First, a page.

Over the last month few months, IDC members and friends in the MENA Region have produced some very welcome research reports into the state of migrants either in – or at high risk of – immigration detention in the region. It is hoped that the information and migrant voices in these reports will help continue the vital work of influencing policy makers on both sides of the Mediterranean Sea, as well as raising public awareness of denial of fundamental human rights of all those – but particularly children and young people – migrating to and through the Middle East and North Africa.

Here we would like to draw your attention in particular to the MHub Detained Youth report, which focuses on the current situation faced by young migrants in Libya. At the IDC MENA meeting in June, we were inspired by the stories of our local colleagues who weekly visit places of detention in Libya, some of which regularly change hands between government and other forces, even between their visits. As the anecdotal evidence in this report suggests, the non-food items brought in by local NGOs are vital to not only the health, but also the identification and even the survival of many who are arbitrarily imprisoned, sometimes for years.

Similarly, the report Migration Trends Across the Mediterranean: Connecting the Dots prepared by Altai Consulting for the IOM MENA Regional Office and recommended to IDC by UNHCR Libya, combines an excellent overview of the inter-Regional mechanisms already in place, as well as the current situation on the ground in many countries. The report provides many concrete insights into trends which have a tendency to be sensationalised in public opinion. For example, some may be surprised to learn that despite the prevalence of media attention on irregular migration to Europe, only 10% of migrants to Spain came by boat from sub-Saharan Africa through the Mediterranean.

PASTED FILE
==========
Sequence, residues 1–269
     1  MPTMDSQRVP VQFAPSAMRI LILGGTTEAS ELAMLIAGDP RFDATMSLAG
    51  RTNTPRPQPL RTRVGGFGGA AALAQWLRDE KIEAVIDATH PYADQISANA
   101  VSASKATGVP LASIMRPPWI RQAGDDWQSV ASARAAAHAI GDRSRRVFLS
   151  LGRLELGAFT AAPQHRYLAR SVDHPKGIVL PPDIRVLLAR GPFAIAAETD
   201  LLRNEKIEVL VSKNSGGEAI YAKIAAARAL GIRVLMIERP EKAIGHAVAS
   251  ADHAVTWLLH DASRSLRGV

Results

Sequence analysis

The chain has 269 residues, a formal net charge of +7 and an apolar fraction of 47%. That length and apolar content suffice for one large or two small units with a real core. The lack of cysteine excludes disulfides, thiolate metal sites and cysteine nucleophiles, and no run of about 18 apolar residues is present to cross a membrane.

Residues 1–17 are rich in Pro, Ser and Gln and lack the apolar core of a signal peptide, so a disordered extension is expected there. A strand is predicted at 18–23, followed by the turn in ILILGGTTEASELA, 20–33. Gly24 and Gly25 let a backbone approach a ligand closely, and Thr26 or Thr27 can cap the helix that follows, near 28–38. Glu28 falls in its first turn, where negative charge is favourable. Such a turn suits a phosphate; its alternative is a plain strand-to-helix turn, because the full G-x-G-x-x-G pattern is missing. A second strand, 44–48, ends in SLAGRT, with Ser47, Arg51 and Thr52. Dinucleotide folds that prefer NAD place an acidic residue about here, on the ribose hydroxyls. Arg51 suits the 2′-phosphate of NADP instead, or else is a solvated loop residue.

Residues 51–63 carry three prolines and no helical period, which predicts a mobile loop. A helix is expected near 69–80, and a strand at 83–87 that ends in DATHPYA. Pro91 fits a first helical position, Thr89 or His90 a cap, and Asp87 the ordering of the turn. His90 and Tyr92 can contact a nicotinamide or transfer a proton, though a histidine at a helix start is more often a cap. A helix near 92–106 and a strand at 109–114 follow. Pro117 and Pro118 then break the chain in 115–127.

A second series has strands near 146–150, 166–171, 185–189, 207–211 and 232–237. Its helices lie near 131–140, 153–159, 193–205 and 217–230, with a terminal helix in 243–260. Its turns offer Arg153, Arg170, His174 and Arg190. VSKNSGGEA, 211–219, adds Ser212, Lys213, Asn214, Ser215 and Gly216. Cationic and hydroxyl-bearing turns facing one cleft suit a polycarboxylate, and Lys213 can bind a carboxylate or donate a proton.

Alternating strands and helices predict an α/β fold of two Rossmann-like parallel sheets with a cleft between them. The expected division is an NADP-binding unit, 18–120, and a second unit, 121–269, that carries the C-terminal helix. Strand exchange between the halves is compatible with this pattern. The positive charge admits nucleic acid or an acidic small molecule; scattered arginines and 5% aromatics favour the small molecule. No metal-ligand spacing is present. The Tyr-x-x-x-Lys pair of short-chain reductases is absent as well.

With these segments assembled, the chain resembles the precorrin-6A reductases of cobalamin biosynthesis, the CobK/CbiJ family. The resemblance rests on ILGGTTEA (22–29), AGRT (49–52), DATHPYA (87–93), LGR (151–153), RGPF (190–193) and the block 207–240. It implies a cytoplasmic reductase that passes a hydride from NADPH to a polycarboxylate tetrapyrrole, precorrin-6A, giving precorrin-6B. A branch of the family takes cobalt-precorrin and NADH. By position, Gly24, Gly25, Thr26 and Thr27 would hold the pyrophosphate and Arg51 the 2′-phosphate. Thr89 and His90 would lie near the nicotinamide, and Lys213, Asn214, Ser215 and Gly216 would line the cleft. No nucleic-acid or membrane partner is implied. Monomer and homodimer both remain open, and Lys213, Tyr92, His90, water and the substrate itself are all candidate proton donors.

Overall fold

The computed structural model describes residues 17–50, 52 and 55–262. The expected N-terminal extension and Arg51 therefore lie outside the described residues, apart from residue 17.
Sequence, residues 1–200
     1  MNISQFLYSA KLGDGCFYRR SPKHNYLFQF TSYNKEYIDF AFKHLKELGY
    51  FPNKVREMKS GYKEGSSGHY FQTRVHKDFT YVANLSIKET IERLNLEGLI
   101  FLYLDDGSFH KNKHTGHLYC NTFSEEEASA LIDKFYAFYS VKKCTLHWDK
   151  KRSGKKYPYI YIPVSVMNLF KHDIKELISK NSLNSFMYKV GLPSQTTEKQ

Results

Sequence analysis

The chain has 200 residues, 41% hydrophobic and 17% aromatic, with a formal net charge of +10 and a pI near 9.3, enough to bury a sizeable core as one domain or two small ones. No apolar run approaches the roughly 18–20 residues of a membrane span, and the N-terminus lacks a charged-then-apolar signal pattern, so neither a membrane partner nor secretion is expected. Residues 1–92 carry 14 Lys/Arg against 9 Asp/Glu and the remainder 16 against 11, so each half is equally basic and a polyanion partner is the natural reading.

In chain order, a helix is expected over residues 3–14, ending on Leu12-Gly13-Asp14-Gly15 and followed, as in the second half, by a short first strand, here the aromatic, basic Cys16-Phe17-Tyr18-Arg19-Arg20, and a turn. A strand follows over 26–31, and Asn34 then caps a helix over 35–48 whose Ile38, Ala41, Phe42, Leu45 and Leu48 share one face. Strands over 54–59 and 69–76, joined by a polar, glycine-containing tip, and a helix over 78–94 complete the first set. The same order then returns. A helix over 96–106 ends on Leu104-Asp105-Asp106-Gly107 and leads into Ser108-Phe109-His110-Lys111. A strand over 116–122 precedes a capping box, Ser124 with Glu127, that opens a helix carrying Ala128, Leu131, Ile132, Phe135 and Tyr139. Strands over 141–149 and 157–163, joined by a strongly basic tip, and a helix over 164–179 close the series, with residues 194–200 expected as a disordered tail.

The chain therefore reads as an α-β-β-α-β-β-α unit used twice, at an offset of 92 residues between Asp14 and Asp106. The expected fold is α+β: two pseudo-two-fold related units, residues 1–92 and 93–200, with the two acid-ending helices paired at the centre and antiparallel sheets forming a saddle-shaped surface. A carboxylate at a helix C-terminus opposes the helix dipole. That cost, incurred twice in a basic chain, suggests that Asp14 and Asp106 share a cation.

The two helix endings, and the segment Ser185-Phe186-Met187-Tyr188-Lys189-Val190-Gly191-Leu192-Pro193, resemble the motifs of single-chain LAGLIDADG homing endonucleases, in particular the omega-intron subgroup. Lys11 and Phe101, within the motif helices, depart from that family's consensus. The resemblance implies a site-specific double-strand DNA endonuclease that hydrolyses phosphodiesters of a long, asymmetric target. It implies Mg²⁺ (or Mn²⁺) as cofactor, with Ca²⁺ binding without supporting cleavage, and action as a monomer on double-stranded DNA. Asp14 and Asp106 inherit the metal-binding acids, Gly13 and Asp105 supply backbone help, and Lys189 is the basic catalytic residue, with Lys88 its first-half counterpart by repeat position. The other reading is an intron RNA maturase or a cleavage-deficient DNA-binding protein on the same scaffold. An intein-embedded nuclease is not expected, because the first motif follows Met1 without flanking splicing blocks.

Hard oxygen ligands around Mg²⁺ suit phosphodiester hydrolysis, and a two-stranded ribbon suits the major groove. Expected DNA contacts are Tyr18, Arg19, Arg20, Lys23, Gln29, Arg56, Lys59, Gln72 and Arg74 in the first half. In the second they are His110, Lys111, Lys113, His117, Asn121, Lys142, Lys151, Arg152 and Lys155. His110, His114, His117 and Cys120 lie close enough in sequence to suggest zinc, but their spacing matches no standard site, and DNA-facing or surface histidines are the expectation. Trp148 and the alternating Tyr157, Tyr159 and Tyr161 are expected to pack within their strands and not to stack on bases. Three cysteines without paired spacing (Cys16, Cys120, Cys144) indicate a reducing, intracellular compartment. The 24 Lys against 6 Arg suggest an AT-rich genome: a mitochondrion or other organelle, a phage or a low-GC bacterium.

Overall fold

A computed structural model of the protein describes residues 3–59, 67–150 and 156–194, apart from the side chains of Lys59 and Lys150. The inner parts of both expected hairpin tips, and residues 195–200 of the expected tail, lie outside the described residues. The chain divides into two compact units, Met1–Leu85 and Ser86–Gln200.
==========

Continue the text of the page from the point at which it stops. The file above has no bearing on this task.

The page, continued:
Helpful examples of practical policy-making in transit countries are also given in the report, such as the 2014 decision of Morocco to offer migrants the opportunity to regularise, providing an alternative to immigration detention and removing one of the ‘push factors’ (irregular migration status in North Africa) which lead migrants to attempt the dangerous sea-crossing to Europe. In the words of one 26-year-old Senegalese man quoted in the report: “Now that I can be regularised here, I will try to build a life in Morocco. I hope I can stay and settle here.”


IDC Member Hotline for Refugees and Migrants, Israel, has also released a new report entitled Rawanda or Saharonim which examines the consequences of the Israeli government’s new policy whereby migrants and rejected asylum seekers will now face indefinite detention in Saharonim prison if they refuse to participate in the bilateral removal arrangement and leave to Rwanda, knowing that they will be deported – or in the case of asylum-seekers, even refouled – from there as well. The conditions and legitimacy of their relegation to the Holot facility are also examined. The report concludes that even though Holot is officially an open facility and it is commendable that the Israeli government no longer sends children or women to be housed there: “There is no way to legitimize the confinement of asylum seekers at a facility in the middle of the desert.”